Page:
This week’s interview is with dear friend and author Amanda Skenandore, whose award-winning historical fiction explores painful episodes in the American experience with great sensitivity and insight. Her forthcoming book, THE SECOND LIFE OF MIRIELLE WEST will be out in July and was inspired by the true story of a Louisiana leprosy hospital where patients were forcibly quarantined. Below, Amanda talks about the research she did at the national leprosarium, overcoming dyslexia to learn to love reading, the editing process for her most recent book, and more. Enjoy!
Amanda Skenandore is the author of two historical novels, The Undertaker’s Assistant and Between Earth & Sky, winner of the 2019 American Library Association’s Reading List Award for Best Historical Fiction. Her third novel The Second Life of Mirielle West comes out in August, 2021. She lives in Las Vegas with her husband and their pet turtle Lenore.
Have you ever traveled to do research for your writing? Where did you go?
I always try to visit the location I’m writing about. Not only for research, but to get a feel for the sights, sounds, and smells of the place. It helps that I write stories set in the U.S. so I don’t have to travel too far. I stretch my budget by staying with friends or family and going whenever it’s the off-season for that area. During the writing of THE SECOND LIFE OF MIRIELLE WEST, I flew from Las Vegas, where I live, to New Orleans in early January of 2019. From there, I rented a car and drove about 75 miles down a two-lane road that paralleled the Mississippi River to Carville. In the 1920s, when the novel is set, this was home to Marine Hospital Sixty-six, the national leprosarium. People from all over the country with Hansen’s Disease (leprosy) were sent here for treatment and, often, lifelong quarantine. Even after a cure for Hansen’s Disease was discovered there in the 1940s, patients remained onsite, the last leaving in 2015. Now it’s a Louisiana National Guard base. But many of the old buildings remain, including the infirmary, where I stayed during my visit. Another of the original buildings, the staff dining hall, has been converted into the National Hansen’s Disease Museum and archive. I spent four days reading old letters, perusing photographs, studying maps of the facility and grounds, and combing through articles in the patient-run magazine, The Star. More than dates and figures, I wanted to get a feel for day-to-day life at Carville. In the evening when the museum closed, I roamed the maze of covered walkways and oak-dotted lawns, imaging what it would be like to be confined here behind a barbed-wire fence, uncertain if I’d ever make it home. I visited the cemetery at the edge of the grounds and read the names on the white gravestones. Patients at Carville, especially in the early days before there was a cure, took new names to spare their family the shame and stigma associated with the disease. So oftentimes, the names on the gravestones weren’t the patients’ real names. Sometimes only a first name and patient number were carved into the stone. It was a somber but important reminder of whose story I was trying to tell.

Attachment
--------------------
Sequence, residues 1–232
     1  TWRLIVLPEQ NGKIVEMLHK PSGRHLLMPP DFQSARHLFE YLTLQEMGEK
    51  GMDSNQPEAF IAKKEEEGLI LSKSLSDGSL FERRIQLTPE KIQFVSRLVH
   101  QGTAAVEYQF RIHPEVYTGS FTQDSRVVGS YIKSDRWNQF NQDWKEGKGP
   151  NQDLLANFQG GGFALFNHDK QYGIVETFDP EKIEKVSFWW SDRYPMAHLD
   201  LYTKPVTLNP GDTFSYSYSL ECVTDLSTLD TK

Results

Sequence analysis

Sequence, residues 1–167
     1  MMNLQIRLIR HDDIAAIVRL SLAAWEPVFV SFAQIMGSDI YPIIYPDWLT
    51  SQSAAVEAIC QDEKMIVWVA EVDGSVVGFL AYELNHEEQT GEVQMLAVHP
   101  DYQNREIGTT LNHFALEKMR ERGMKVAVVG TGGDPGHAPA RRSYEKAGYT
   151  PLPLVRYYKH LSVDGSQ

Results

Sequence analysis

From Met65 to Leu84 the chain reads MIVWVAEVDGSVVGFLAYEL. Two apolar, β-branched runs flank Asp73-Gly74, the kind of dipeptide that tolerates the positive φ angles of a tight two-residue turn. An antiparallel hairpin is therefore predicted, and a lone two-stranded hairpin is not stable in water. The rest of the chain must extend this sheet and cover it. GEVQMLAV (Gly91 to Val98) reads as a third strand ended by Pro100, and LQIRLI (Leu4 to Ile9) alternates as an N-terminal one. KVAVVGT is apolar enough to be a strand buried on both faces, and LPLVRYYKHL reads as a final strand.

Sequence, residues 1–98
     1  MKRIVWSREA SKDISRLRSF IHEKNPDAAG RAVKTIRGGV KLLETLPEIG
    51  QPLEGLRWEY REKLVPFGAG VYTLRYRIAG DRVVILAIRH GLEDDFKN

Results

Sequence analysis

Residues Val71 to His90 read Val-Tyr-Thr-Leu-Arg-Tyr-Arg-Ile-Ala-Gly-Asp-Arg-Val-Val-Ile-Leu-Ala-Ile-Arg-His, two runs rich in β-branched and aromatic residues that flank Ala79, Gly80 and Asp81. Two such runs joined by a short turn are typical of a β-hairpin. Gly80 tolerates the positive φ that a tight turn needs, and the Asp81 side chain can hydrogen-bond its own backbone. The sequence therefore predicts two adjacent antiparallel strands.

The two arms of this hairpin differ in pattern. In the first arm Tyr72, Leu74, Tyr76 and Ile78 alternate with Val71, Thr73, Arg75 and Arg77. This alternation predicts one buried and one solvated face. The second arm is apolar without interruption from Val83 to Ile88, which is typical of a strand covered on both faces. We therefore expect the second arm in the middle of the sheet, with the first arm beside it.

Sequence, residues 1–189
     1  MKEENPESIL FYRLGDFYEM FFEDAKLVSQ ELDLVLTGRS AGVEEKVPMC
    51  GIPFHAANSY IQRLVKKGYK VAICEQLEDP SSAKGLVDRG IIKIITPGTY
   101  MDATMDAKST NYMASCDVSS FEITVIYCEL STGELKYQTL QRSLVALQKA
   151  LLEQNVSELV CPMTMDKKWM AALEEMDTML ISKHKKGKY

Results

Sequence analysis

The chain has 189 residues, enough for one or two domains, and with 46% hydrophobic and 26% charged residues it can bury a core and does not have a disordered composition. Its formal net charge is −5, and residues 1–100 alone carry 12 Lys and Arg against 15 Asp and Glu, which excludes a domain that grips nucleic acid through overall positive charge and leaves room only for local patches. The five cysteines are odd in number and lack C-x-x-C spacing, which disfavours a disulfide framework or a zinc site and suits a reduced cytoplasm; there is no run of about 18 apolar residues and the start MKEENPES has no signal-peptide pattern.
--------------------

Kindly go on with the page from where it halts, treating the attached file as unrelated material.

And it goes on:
Were you an avid reader as a child? What kinds of things did you read?